Mars Calling Cornwall
One of the oldest and largest satellite earth stations in the world, based in Cornwall, will receive the UK’s first ever direct transmission from the planet Mars.
Goonhilly Satellite Earth Station is located on Goonhilly Downs on the Lizard peninsula in Cornwall, not far from Helston. Its first dish Antenna One (referred to as Arthur) was built in 1962 to communicate with the Telstar system. The first transatlantic television broadcasts from the United States to be seen in the UK were received via the Telstar satellite and Arthur on the 11th July 1962. Further dishes were added over time, including the largest, Merlin with a diameter of 105 feet. The site was used in a number of key events, including the Apollo moon landing in 1969 and the Live Aid concert in 1985.
In 2006 BT announced it was going to shut down satellite operations at Goonhilly in 2008 and move them to another site in Herefordshire. The visitor centre at the Cornish site remained open until 2010. It had proved a popular attraction for visitors to Cornwall, with over 80,000 people visiting in a good year. In addition to one of the fastest cybercafes in the country, it also had interactive exhibits, a shop, a cafe and did tours around the site.
By the end of 2010 it looked like the site would be sold off and all the dishes demolished, except for Arthur which is a grade two listed structure. However, a satellite communications engineer, entrepreneur and small business owner called Ian Jones had heard about the station’s plight and put together a plan. He formed Goonhilly Earth Station Ltd (GES) with two colleagues, and in January 2011 signed a three year deal to lease the antennas. During the next three years GES built up the business by attracting universities and satellite operators. In February 2014, with some extra funding from a venture capital trust, GES completed the purchase of Goonhilly from BT.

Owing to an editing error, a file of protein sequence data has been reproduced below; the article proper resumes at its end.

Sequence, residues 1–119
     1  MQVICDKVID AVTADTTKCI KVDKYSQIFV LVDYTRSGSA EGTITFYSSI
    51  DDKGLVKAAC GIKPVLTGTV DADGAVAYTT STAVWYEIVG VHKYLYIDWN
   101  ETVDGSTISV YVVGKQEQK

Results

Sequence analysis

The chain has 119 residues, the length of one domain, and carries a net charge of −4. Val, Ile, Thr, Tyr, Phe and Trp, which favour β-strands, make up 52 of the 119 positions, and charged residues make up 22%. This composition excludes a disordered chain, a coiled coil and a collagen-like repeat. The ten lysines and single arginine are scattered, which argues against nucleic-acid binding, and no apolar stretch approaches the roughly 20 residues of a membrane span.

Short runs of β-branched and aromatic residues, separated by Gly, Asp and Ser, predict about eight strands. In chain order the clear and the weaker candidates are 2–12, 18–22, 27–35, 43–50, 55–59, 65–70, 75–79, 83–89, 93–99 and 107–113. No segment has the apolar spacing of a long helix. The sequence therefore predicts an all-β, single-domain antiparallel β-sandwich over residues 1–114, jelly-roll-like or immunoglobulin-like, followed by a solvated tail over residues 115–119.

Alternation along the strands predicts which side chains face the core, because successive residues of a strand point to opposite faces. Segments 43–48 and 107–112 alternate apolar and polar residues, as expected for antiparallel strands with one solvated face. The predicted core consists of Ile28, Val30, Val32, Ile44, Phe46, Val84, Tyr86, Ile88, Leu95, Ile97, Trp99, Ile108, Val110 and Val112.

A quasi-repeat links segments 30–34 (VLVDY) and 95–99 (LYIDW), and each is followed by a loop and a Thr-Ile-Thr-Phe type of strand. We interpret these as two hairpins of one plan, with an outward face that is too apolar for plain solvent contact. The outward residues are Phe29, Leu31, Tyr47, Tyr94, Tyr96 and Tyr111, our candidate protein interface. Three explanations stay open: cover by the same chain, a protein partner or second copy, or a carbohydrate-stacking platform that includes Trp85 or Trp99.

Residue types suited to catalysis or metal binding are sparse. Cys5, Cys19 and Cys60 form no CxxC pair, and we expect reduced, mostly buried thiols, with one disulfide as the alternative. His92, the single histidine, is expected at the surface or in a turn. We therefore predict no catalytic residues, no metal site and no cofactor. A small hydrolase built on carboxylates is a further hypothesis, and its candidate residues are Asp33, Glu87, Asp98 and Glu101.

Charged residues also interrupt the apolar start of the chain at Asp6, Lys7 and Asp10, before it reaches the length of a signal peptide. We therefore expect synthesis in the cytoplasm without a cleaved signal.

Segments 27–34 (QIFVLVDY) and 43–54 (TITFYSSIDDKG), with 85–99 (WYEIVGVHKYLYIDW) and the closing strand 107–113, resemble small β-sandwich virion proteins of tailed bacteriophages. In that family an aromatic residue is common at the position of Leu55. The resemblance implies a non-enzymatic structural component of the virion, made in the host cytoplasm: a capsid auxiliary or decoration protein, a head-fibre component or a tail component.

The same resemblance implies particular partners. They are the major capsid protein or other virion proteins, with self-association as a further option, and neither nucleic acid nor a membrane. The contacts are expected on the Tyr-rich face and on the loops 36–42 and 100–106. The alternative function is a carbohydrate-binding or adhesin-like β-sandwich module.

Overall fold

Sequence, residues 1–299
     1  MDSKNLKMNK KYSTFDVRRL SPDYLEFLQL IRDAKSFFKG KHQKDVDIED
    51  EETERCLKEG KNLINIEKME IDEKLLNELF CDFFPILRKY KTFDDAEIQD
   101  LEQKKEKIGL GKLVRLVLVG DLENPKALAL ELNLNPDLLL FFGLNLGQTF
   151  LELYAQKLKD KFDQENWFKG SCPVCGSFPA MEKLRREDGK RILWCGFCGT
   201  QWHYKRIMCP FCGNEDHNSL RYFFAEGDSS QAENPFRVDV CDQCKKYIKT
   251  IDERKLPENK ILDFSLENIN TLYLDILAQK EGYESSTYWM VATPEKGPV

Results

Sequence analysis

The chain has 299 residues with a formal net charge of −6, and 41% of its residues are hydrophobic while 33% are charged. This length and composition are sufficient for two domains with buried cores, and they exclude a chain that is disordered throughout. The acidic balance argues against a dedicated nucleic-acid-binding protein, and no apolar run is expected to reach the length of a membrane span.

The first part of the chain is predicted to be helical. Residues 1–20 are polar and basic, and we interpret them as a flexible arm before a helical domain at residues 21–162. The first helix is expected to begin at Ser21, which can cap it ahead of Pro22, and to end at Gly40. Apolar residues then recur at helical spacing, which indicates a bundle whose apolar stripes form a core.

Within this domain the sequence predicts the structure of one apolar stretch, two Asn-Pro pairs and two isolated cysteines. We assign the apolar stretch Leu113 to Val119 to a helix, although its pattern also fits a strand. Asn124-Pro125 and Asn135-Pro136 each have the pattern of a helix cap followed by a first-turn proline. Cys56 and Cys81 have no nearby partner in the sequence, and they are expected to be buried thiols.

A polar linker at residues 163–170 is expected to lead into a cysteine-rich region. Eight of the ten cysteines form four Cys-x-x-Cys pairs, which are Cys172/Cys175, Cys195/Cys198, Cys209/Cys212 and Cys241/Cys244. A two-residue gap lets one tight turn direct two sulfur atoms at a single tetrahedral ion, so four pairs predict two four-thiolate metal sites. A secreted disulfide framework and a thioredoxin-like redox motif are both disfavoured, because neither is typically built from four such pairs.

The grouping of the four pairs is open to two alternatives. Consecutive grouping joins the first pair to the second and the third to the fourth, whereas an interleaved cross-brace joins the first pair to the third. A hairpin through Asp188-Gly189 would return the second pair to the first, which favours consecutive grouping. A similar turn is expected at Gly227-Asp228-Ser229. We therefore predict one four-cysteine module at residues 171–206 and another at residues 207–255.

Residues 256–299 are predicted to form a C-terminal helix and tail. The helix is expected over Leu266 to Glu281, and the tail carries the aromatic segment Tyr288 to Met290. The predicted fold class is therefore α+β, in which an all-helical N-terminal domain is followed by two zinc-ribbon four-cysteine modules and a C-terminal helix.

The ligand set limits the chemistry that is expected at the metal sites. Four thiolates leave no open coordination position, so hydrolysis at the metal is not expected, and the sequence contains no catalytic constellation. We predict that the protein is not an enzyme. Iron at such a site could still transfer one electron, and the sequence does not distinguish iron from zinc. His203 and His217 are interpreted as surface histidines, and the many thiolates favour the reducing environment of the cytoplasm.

In July 2015 the European Space Agency (ESA) began a feasibility study to see if the Goonhilly antennae could be used to support Artemis 1 of the Orion Spacecraft. By February 2018 an £8.4 million project had been agreed to upgrade GHY-6 antenna so it would be suitable for ESA and NASA deep space communications. In April 2018 the station joined ESA and Surrey Satellite Technology to form a partnership for lunar mission support services. Then a few weeks later, Peter Hargreaves, a UK businessman invested £24 million in the company, which gave him a controlling share.
Now in 2021, with the latest technology in place, Goonhilly has become one of the most important satellite stations on earth. It is currently working with space agencies from Europe, China, the UAE and the USA. GES has been working with ESA over the last few weeks using Mars Express to test their GHY-6 antenna. They have been tracking the spacecraft as it orbits the red planet. At the same time it has received signals from the UAE Space Agency Hope Mission, which entered Mars' orbit on the 9th February. This was followed the next day by the Chinese Mars Mission Tianwen-1 which should touchdown in May. The 18th of February saw NASA’s JPL Perseverance rover land on Mar’s surface, and Goonhilly was listening. Although not an official downlink, the site will be able to receive and potentially decode the signals from the rover, should NASA need support.
Just over a decade ago things looked bleak for the Cornish satellite station, but now with its upgraded dish it will be the world’s first commercially operational deep space site. Goonhilly can now look to the future, and the stars.